Farms with peak land prices are within 90 minutes of London, says rural expert

Kevin Prince, a rural partner at Carter Jonas

Kevin Prince, a rural partner at Carter Jonas

First published in Wiltshire

Landowners looking to sell in the next 12 to 18 months are likely to face a much tougher and fragmented market, according to one expert.

Kevin Prince, a rural partner at Carter Jonas, warned a seminar of resident land agents who manage large estates including those in Wiltshire of increasingly difficult times.

He told the seminar at Sheepdrove Organic Farm, Lambourn, that sellers now entering the market were largely profit-taking investors, those who thought values had plateaued, and those moving further west or north to increase their holdings at lower prices.

“In the last few years, landowners could almost expect as of right to sell quickly and at good prices,” he said.

“That’s no longer the case - good land will always find a buyer but second rate land will struggle. In fact the market has split further than good or second rate and there are now many tiers of land quality with lesser quality holdings becoming harder to market.”

There is good news for landowners in the south, however, as figures clearly showed that land value rises had tracked in percentage terms the huge growth in prime London residential property in area like Kensington, Chelsea, and Westminster.

“The ideal farm in the current market is within a cone-shaped zone spreading west from London along the M4 at its core, with land slightly north of the M40 forming the northern boundary and to the east of the M3 the southern boundary," he said.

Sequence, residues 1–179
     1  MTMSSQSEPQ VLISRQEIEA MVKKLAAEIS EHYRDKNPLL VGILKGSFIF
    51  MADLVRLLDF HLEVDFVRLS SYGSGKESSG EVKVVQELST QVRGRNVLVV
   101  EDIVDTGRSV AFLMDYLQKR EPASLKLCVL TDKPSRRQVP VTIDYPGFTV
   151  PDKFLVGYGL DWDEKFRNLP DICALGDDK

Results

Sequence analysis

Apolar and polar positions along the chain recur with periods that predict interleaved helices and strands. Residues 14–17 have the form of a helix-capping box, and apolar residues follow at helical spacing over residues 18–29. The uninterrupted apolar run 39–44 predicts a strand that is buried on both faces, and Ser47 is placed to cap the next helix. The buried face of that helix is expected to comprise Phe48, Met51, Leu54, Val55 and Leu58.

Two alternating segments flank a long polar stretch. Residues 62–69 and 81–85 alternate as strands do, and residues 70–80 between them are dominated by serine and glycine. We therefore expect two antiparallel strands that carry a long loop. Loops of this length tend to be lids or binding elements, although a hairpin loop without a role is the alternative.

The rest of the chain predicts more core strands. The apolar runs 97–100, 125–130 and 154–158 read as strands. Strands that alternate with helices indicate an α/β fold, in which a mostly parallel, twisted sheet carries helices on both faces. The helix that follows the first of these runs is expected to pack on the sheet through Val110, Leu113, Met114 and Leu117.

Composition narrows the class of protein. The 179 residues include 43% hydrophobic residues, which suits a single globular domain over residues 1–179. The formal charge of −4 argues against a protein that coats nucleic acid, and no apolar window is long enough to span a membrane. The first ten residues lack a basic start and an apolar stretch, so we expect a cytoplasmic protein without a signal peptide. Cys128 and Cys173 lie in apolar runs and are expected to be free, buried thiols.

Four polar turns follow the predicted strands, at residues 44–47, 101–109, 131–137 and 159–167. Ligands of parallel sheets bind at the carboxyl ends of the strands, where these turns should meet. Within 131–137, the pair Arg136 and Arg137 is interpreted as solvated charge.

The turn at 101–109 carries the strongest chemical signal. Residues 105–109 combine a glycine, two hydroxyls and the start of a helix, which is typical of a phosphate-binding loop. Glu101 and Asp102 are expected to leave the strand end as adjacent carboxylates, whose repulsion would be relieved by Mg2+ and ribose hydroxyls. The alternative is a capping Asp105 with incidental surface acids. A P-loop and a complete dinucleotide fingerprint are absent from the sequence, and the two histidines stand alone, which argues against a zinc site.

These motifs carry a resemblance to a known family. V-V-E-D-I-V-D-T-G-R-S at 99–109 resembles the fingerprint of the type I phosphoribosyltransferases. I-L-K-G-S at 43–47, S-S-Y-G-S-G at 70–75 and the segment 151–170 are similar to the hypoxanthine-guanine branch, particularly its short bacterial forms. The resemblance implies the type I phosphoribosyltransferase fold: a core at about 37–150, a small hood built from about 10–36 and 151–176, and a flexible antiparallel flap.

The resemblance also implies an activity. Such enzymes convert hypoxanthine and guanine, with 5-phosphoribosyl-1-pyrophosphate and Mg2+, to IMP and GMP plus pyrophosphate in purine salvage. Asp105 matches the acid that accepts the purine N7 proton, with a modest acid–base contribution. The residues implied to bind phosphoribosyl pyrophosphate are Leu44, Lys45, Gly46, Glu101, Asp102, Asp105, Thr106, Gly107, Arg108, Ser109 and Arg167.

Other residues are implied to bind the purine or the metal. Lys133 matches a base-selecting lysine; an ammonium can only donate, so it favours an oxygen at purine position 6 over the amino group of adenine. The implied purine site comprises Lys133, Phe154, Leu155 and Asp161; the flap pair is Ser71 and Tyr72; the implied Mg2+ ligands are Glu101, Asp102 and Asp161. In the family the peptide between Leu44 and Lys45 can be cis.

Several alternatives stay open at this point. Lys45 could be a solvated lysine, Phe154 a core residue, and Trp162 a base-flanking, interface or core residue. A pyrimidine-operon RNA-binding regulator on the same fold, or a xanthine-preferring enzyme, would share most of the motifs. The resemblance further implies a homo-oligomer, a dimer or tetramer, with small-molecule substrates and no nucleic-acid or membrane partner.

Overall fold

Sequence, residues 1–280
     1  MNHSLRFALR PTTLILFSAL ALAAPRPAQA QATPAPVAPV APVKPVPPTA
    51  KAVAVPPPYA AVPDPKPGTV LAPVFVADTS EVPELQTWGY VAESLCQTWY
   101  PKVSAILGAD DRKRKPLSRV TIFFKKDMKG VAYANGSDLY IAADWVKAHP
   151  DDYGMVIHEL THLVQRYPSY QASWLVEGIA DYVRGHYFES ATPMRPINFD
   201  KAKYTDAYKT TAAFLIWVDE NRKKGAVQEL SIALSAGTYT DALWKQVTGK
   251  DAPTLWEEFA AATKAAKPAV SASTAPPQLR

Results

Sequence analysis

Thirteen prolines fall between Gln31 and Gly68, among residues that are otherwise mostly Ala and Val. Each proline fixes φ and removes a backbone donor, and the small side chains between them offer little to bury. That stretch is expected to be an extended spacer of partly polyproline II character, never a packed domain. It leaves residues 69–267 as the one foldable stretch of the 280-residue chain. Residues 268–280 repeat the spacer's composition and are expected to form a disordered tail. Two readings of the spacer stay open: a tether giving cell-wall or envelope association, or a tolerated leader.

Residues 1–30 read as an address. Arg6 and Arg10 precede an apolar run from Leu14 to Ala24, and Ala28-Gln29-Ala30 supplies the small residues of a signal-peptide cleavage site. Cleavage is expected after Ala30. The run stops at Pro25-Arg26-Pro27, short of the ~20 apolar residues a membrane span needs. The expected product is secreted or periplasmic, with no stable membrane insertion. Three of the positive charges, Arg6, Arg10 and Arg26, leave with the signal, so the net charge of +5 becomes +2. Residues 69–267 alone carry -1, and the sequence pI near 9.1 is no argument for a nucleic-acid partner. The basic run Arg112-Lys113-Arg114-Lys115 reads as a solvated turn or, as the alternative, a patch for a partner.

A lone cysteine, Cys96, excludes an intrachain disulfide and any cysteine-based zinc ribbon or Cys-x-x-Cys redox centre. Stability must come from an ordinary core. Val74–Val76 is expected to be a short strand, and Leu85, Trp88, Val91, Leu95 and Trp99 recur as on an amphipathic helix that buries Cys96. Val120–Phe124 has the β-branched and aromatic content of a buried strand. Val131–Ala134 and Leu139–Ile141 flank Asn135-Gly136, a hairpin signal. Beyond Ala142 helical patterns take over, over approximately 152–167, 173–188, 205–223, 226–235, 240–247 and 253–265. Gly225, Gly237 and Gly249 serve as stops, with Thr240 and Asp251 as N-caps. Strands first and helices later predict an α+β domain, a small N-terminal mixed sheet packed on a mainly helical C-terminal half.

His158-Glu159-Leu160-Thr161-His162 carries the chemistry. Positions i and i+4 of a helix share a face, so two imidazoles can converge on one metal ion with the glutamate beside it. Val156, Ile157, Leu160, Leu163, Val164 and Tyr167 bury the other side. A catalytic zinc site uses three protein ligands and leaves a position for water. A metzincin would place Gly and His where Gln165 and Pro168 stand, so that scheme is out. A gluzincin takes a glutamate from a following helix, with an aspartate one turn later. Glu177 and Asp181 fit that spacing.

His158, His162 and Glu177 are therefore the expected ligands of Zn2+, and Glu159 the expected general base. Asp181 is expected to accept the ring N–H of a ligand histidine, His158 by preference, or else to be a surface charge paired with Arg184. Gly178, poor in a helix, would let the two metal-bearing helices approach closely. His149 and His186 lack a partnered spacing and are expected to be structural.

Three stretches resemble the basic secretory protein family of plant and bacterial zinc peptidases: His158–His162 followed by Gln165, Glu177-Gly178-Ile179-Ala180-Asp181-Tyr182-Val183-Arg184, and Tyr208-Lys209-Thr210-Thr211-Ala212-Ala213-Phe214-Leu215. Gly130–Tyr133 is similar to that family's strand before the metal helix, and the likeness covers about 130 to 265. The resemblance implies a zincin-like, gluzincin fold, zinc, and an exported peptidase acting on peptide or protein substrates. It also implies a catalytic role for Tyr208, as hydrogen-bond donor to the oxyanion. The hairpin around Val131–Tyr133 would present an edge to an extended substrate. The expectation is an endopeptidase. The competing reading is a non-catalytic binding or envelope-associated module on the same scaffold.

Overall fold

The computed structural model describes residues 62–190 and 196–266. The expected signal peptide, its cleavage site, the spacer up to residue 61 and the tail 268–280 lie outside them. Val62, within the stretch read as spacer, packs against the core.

"The western edge is on a curve from Bournemouth almost to Bath, past Cheltenham, embracing the Cotswolds and finishing just to the north east of the M1 above Northampton.

“For perfection in the current market, it needs to be about 1,000 acres of undulating light land no more than 1.5 hours from London with some wood and valley, a modest house in good condition, and good access and grain storage.

“Farmers are still driving the market and if land does not attract interest from near neighbours to create an element of competition it will also struggle to reach high values.

“More land was publically marketed in 2013 than 2012 - 140,000 acres compared with 120,000 acres - but the headline sales were off-market, and outside those figures, in the private arena and land that appeals there will always be a strong performer.

“Few properties really make the grade in that respect, so landowners need to be realistic in their expectations and not rely on oft-quoted average values which are now largely irrelevant.

"Investors who bought anything when the market was rising just to be active may now regret their impulse as they try to divest themselves to use their money elsewhere while those who bought to cultivate their investment will be able to sit it out until the market improves.”

For advice on land issues, contact Kevin Prince on 01962 833365 or email Kevin.prince@carterjonas.co.uk

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